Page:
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This article in CS

  1. Vol. 40 No. 4, p. 1019-1025
     
    Received: June 14, 1999


    * Corresponding author(s): mdcasler@facstaff.wisc.edu
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doi:10.2135/cropsci2000.4041019x

Genetic Progress from 40 Years of Orchardgrass Breeding in North America Measured under Hay Management

  1. M. D. Casler *a,
  2. S. L. Falesb,
  3. A. R. McElroyc,
  4. M. H. Hallb,
  5. L. D. Hoffmanb and
  6. K. T. Leathd
  1. a Dep. of Agronomy, Univ of Wisconsin-Madison, Madison, WI 53706-1597 USA
    b Dep. of Agronomy, The Pennsylvania State Univ., University Park, PA 16802 USA
    c Agric. and Agri-Food Canada, Ottawa, Canada K1A 0C6
    d Dep. of Plant Pathology, The Pennsylvania State Univ., University Park, PA 16802 USA

Abstract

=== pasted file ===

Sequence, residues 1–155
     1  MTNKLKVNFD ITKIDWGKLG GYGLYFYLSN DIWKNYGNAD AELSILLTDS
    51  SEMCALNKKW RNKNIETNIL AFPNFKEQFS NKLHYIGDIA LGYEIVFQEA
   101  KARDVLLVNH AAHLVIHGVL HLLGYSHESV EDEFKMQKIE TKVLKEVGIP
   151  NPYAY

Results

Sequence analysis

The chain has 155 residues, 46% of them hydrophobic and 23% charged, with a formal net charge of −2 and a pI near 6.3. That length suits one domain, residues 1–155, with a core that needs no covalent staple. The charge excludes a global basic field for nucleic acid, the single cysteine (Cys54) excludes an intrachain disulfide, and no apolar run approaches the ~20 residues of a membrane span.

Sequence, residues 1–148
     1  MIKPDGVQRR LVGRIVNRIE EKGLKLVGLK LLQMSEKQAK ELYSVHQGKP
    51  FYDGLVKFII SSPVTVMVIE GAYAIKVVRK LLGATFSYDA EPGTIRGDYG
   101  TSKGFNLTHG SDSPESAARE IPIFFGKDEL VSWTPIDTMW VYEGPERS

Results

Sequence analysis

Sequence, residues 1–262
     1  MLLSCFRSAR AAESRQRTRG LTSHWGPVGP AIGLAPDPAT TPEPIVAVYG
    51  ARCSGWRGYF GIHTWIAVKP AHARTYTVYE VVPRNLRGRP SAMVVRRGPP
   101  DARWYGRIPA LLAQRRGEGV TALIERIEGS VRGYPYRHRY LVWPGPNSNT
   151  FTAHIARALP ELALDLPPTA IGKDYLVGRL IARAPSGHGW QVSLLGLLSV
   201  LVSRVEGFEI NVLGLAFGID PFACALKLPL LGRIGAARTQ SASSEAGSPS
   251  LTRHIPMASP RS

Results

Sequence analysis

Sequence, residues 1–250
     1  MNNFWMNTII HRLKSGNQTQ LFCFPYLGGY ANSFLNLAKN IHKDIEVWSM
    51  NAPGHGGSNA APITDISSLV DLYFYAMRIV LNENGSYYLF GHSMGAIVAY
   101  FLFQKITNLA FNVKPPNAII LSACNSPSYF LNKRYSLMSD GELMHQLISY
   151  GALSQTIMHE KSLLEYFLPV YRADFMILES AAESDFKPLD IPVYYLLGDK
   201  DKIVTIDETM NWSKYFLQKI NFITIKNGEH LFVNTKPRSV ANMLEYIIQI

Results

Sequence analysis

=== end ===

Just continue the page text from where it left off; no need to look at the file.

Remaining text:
There has been considerable activity in breeding orchardgrass (Dactylis glomerata L.) cultivars in North America during the latter half of the 20th century, but little effort devoted to quantification of breeding progress. The objectives of this study were to quantify changes in mean cultivar performance for that time compared with the progress achieved from one cycle of half-sib progeny selection within the USDA population of orchardgrass accessions. Forty-two cultivars (32 North American cultivars and 10 European cultivars) were tested at three locations (Arlington, WI and Rock Springs, PA, and Ottawa, Ontario, Canada) in 1995 through 1997. Cultivars were grouped into three experiments by maturity class: early, medium, and late. North American cultivars averaged 3, 9, and 12% higher in forage yield than European cultivars for early, medium, and late maturity groups, respectively. Between 1955 and 1997, forage yield and ground cover of early-maturity cultivars increased by 2.5 Mg ha−1 decade−1 and 4.0% decade−1, respectively. Forage nutritional value of medium-maturity cultivars increased during that time, although this was probably not due to direct selection. Significant gains were made in forage yield and Drechslera spp. leafspot reaction of cultivars derived from two individual breeding programs, although the majority of orchardgrass cultivars lack improvements in forage traits.

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